‘OK not to feel OK’

Warren woman teaming with school district to deal with mental health, suicide prevention

Times Observer photo by Brian Ferry Some of the inspirational quotes provided by CORE — Choosing Openness Regarding Experiences — that will be spread around Warren County School District schools with the goal of opening lines of communication about mental health issues and helping students deal with anxiety.

Sometimes, talking can save a life.

The goal of CORE — Choosing Openness Regarding Experiences — is to provide mental health awareness and suicide prevention education.

CORE founder Kari Swanson hopes to help make dealing with mental health issues as commonplace as dealing with physical ailments.

“We know what to do if something is physically wrong with us. We address it. We know what to do with it,” Swanson said. “What my overall goal is is to change to the culture of how people deal with others who don’t feel good inside.”

Shutting down or letting that person who confided that they don’t feel good inside deal with it themselves are some of the ways people handle that situation, Swanson said. “That needs to change.”

Putting on a happy face all the time and bottling those feelings up is not right either. “It’s OK to feel not OK,” she said.

She hopes a student who sees that kind of message might think, “I can get through that.”

A series of inspirational quotes — addressing bullying, anxiety, decency, kindness, and suicide — will be put up in each of the schools in the Warren County School District. Each school will have its own set to start the year and students will rotate them from one school to another every nine weeks.

“It costs $0.00 to be a decent human being,” one of the signs says.

“Be a buddy, not a bully,” another says.

“Maybe these will start to change the culture of how kids treat each other,” Swanson said. “That’s the beginning.”

CORE received an establishing donation from a family.

Swanson hopes to advance the organization’s mission and to build on that endowment in September, which is Suicide Prevention Month.

“I have two events that I am organizing to bring awareness of mental health issues and to raise funds to further support CORE’s mission of providing education and awareness to the communities of Warren County,” she said.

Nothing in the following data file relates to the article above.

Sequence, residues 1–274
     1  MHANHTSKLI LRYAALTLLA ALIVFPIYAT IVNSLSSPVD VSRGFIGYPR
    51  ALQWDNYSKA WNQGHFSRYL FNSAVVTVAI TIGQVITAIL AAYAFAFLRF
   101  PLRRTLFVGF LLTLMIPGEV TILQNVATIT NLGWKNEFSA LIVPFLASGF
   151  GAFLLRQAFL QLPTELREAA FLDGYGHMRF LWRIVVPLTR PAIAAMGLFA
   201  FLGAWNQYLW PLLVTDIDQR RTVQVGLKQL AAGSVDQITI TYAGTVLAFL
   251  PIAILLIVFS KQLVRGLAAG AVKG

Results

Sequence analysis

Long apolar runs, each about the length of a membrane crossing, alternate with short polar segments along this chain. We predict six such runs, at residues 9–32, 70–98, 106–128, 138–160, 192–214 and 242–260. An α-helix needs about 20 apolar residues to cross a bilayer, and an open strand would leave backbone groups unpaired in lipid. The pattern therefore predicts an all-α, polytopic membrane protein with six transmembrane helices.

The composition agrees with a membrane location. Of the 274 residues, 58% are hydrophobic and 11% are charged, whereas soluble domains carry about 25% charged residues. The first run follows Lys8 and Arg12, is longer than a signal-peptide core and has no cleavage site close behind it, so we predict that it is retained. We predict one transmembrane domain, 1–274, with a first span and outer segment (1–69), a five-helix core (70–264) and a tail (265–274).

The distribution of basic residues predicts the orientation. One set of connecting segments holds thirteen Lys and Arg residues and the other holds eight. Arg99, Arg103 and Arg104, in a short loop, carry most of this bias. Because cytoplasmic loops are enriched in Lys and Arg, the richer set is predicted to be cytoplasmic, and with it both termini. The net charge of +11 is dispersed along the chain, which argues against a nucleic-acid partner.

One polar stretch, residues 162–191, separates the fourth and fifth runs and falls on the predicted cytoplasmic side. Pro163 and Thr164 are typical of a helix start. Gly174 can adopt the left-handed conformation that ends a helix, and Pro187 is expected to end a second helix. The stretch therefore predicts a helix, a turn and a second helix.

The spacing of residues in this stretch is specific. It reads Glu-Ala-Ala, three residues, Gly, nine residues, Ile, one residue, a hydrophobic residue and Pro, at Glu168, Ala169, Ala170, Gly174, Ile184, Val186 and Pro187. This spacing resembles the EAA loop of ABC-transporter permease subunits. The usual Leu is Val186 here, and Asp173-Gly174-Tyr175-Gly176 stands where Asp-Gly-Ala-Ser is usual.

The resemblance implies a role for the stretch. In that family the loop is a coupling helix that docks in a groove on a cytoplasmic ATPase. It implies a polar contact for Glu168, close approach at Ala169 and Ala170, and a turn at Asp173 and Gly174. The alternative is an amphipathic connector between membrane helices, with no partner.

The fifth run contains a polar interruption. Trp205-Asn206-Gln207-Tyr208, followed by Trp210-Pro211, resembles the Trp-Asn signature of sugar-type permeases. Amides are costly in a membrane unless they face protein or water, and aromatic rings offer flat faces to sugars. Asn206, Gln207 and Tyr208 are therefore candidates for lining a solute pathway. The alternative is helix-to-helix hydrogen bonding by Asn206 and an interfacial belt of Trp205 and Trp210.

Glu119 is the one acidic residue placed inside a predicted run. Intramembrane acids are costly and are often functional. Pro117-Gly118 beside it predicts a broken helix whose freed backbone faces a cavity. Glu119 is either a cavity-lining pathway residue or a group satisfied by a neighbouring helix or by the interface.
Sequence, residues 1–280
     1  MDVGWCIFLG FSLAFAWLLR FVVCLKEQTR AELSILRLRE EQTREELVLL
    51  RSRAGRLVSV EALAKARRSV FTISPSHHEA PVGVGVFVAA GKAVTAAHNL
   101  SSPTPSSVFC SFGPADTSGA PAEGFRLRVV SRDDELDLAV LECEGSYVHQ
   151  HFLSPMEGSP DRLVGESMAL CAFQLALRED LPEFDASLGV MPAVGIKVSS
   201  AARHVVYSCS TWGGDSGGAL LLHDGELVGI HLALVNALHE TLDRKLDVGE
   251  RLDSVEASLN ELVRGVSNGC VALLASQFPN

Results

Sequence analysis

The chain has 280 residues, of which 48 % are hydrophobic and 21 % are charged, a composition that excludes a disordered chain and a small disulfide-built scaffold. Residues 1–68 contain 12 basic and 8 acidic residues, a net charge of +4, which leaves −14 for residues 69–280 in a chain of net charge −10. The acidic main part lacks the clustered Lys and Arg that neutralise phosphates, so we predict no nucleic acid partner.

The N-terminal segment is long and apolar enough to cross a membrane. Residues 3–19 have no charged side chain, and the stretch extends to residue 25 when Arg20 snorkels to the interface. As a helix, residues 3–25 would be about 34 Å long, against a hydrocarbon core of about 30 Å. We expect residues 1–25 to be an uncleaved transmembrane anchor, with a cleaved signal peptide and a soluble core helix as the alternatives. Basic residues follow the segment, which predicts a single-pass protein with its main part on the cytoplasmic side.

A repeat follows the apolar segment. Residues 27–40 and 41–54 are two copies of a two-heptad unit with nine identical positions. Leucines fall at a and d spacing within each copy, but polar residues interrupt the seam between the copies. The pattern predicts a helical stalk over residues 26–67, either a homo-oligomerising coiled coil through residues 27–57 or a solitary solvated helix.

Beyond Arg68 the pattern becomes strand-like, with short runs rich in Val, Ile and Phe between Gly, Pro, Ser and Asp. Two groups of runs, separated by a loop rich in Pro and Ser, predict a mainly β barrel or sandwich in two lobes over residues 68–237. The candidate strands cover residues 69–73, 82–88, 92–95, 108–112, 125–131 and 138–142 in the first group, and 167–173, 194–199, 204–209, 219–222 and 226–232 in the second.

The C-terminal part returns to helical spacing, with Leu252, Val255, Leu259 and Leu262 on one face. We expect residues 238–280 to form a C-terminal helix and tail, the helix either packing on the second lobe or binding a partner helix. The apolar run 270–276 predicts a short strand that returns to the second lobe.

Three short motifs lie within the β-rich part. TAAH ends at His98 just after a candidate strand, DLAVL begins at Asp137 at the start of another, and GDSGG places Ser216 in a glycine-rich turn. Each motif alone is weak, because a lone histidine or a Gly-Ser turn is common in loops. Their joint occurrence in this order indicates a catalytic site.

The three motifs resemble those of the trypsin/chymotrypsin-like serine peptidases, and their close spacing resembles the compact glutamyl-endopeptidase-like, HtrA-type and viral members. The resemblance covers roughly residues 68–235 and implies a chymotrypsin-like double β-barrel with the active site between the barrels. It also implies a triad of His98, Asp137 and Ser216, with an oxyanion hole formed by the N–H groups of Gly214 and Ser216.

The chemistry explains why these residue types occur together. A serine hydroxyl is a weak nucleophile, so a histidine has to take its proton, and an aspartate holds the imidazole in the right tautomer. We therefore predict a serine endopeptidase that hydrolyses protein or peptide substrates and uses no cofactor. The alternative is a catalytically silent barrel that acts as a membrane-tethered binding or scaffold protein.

There will be a 14-hole “wacky” golf scramble at 2 p.m. Sunday, Sept. 9, at Blueberry Hill Golf Course.

The event is not only for the serious golfer, she said, and there is a prize for last place.

From 6 to 10 p.m. Saturday, Sept. 22, there will be a Glow Fun Walk at War Memorial Field. “This event is open to families and individuals,” she said. “The first 30 signed up will receive a glow-in-the-dark shirt for the event as well as a glow-in-the-dark necklace and bracelet.”

The step after that is to introduce some testimonials.

Working with the school district, Swanson has arranged for a movie and guest speakers to present information in the schools and the community.

The movie Angst — www.angstmovie.com — will be shown at each of the middle and high schools in the district and then for parents, family members, elementary school teachers, and others who are interested.

“Angst highlights the issue of anxiety in youth and the interpretation that is sometimes made by teachers, parents, friends, etc., of the person who is struggling with anxiety,” Swanson said. “This is told by youths as young as 11 about their experiences with anxiety.”

“It’s a fabulous movie,” she said. “It will help parents, teachers, and friends, deal with anxiety.”

The organization is also working with MindingYourMind out of Philadelphia.

“CORE will be bringing a young man, Andrew, to Warren County in November for two days to present his real-life experiences to the middle and high school students in Warren, Eisenhower, Youngsville, and Sheffield,” Swanson said. There will also be a community presentation.

CORE is working on more speakers. “I then want something in January and February,” Swanson said. “Keep it in front of people. Change the culture.”

For Swanson, creating an entity that brings mental health awareness and suicide prevention is just the right thing to do.

She is driven by “24 years of being in mental health, seeing people who are on the brink of despair.” In many cases, “because they were able to come and get help, they now are prosperous.”

In some cases, often among those who are unwilling or unable to get help, that despair can lead to suicide. “It’s so much more prevalent than people realize,” Swanson said. “The statistics are not accurate. People don’t think that there’s an issue due to underreporting.”

“It’s preventable by educating and making it so we are more comfortable talking about it,” she said. “We just need to know how to get someone the help that they need when we know that they aren’t feeling well.”


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